Let $w=w(a,b)$ be a non-trivial word in the free group $F_2 = \langle a,b \rangle$ and $w_G \colon G \times G \to G$ be the induced *word map* for some compact Lie group $G$.

Murray Gerstenhaber and Oskar Rothaus showed in 1962 (see M. Gerstenhaber and O.S. Rothaus, The solution of sets of equations in groups, Proc. Nat. Acad. Sci. U.S.A. 48 (1962), 1531–1533.) that $w_G$ is surjective in a very strong sense for $G=U(n)$ whenever the exponent-sum of $a$ or $b$ in $w$ is non-zero. Using degree-theory and the calculations of the homology of compact Lie groups due to Heinz Hopf, they showed that if the exponent sum of $a$ is non-zero, then $u \mapsto w_{U(n)}(u,v_0)$ is surjective for any fixed $v_0 \in U(n)$.

Earlier, in 1949, Morikuni Gotô (J. Math. Soc. Japan, 1949 vol. 1 pp. 270-272) already showed that the commutator $w=[a,b]$ induces a surjective map $w \colon G \times G \to G$ for any simple compact Lie group $G$. His proof proceeded as follows: Since the commutators are a conjugation invariant set, one can assume that $u$ is in a fixed maximal torus. We can now take a suitable $a$ in that torus and $b$ an element the Weyl group $W_G$ of this torus, such that $b$ does not have $+1$ as an eigenvalue (when acting on the universal cover of the maximal torus). This implies that the action of $1-b$ on the universal covering is an isomorphism. Hence, every element in the maximal torus can be obtained as $a \cdot ba^{-1}b^{-1}$ for some $a$. This strategy can be used for a few other words but does not lead any further.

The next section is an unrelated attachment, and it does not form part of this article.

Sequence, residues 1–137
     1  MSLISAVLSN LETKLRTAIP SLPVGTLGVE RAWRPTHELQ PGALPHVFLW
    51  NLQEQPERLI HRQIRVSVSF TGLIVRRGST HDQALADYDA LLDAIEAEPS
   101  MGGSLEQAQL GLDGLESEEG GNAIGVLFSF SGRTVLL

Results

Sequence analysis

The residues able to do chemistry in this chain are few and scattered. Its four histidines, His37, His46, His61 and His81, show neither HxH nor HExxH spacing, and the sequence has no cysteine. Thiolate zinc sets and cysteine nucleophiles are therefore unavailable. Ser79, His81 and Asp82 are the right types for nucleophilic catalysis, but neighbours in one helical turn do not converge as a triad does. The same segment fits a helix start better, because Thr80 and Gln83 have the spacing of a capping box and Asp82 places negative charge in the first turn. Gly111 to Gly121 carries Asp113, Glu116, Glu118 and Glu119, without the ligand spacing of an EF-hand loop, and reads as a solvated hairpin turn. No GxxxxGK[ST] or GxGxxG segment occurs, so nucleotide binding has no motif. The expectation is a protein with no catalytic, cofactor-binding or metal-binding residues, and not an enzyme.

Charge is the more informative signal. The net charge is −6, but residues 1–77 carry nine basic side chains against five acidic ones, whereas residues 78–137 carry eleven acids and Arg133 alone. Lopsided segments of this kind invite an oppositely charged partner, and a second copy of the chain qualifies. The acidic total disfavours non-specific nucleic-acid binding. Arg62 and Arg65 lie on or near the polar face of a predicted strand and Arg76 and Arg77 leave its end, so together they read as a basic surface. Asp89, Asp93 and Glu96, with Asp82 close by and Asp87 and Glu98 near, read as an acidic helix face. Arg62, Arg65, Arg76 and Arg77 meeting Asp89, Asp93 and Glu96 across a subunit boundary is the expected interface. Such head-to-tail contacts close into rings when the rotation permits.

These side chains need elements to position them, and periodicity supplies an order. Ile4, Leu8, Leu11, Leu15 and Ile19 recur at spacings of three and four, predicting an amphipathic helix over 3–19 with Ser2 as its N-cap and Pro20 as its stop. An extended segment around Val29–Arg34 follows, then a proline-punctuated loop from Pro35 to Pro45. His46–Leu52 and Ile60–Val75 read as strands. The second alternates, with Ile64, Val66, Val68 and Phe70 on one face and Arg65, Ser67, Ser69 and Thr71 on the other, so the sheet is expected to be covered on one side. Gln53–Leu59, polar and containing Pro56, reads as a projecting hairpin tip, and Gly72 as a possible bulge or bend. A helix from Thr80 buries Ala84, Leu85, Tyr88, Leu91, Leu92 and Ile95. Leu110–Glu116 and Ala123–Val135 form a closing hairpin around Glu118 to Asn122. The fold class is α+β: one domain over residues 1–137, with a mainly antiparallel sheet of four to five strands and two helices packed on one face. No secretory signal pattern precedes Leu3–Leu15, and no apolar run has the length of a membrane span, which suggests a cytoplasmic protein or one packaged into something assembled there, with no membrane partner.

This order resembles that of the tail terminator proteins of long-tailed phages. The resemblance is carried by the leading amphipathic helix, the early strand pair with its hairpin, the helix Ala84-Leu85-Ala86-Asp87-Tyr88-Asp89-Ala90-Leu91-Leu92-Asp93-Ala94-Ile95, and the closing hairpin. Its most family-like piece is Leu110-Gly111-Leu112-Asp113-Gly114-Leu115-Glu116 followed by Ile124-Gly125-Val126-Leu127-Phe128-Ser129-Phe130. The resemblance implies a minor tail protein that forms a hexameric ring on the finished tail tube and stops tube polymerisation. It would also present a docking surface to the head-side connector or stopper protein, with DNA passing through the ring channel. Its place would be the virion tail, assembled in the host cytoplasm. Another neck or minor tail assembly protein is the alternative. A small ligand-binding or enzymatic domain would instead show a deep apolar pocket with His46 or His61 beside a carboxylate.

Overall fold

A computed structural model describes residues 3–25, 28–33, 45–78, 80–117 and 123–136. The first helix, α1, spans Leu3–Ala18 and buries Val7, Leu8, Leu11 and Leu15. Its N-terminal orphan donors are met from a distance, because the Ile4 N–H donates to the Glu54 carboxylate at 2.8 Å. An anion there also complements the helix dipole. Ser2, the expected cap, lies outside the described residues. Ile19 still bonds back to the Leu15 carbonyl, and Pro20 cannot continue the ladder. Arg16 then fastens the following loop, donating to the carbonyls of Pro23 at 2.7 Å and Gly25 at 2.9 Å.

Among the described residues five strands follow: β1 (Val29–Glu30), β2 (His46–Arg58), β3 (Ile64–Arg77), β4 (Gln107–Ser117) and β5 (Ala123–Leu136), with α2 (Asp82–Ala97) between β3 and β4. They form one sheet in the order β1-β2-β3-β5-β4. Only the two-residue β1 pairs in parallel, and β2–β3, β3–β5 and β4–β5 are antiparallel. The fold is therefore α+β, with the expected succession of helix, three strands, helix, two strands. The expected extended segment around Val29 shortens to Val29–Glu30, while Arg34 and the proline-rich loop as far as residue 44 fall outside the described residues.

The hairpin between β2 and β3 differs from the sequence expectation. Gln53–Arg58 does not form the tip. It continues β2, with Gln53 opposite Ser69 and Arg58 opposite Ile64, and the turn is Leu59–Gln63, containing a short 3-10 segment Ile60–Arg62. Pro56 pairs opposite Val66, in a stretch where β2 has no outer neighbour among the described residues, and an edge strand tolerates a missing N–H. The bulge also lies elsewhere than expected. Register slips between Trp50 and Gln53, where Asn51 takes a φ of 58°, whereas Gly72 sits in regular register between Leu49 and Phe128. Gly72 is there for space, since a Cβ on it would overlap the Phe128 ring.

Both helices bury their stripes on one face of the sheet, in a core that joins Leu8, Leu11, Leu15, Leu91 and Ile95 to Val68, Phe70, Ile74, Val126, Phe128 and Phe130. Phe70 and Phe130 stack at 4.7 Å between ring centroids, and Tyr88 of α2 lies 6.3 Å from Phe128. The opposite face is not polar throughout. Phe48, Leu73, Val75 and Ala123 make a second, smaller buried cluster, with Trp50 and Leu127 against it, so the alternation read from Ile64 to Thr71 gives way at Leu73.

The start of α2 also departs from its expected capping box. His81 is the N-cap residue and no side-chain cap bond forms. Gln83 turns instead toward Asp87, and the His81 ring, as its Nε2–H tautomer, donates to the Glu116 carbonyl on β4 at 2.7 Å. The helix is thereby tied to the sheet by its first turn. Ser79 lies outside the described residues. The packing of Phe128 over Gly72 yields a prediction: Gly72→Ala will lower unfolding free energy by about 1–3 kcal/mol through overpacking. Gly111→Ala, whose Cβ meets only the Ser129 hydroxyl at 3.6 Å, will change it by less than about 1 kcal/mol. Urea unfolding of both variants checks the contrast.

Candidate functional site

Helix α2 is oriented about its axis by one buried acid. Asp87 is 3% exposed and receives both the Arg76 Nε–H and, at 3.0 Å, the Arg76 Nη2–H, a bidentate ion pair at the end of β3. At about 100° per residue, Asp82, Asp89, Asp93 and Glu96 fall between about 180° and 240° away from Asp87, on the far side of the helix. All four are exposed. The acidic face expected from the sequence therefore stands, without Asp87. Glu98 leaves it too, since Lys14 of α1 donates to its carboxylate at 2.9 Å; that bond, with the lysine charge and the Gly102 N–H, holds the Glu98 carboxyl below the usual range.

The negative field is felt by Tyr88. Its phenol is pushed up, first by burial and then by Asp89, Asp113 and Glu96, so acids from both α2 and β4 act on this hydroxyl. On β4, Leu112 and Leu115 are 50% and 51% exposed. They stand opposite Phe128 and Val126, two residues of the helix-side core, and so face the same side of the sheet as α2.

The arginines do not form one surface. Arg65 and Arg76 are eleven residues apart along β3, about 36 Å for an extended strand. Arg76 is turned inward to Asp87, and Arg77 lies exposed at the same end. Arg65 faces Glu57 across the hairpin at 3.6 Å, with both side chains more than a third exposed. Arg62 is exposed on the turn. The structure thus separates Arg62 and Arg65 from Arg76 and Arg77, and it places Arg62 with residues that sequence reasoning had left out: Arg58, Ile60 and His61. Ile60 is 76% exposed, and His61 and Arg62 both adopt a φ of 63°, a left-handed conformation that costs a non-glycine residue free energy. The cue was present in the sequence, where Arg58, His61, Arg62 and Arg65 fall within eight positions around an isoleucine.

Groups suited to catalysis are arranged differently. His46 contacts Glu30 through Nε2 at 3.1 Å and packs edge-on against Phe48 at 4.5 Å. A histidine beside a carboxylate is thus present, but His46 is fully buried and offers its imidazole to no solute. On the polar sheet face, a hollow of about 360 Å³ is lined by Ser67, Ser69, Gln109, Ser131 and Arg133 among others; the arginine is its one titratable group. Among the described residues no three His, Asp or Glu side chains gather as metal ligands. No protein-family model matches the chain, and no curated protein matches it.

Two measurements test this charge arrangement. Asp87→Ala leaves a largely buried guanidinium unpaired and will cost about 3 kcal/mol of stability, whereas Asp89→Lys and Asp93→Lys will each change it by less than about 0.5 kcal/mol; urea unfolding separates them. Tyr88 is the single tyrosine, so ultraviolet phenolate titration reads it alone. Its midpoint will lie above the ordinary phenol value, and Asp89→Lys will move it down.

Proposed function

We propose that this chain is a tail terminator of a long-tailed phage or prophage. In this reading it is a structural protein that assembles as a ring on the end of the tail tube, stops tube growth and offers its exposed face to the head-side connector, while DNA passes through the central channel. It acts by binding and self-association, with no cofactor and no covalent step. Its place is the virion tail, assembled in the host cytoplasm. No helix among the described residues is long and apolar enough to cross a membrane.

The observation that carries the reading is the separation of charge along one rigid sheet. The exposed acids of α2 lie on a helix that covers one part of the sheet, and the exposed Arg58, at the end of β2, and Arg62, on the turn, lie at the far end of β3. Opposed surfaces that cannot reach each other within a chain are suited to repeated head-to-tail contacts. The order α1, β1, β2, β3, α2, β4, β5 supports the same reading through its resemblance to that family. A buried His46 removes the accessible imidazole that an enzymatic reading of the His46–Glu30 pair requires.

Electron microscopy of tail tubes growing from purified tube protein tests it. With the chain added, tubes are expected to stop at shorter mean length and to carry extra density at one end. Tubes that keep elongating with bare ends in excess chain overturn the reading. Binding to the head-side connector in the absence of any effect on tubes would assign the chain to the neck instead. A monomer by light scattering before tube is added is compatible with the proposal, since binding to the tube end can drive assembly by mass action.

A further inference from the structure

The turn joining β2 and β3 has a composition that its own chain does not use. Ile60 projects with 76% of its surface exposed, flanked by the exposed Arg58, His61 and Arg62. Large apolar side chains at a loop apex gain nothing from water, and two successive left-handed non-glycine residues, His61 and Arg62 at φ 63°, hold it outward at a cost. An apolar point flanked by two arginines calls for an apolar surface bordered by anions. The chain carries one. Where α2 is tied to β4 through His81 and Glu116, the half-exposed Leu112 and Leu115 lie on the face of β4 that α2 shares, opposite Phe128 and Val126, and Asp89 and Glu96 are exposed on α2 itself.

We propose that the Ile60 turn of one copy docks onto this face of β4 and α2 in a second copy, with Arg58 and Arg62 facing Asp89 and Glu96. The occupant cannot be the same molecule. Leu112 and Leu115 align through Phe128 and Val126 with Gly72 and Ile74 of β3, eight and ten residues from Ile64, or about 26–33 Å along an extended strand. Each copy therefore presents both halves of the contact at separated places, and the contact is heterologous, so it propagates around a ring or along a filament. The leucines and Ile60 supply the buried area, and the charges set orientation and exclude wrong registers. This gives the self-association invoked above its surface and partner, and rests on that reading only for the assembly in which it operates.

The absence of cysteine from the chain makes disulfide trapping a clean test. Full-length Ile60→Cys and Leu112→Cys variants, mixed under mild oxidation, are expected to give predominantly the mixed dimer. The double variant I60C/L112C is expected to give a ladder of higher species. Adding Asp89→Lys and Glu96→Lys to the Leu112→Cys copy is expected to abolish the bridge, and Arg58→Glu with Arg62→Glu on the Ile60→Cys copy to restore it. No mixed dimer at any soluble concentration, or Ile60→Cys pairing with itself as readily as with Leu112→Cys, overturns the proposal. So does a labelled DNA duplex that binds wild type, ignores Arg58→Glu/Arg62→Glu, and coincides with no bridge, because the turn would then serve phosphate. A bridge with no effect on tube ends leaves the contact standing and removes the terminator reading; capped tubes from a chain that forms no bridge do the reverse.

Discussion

Question:Are there any other techniques to show that $w_{G}$ is surjective for some $w$ and $G$?

The easiest word for which I cannot answer this is $w= [[a,b],[a^2,b^2]]$.

Question:Is the word-map $w_{PSU(n)}\colon PSU(n) \times PSU(n) \to PSU(n)$ surjective for the word $$w = [[a,b],[a^2,b^2]]?$$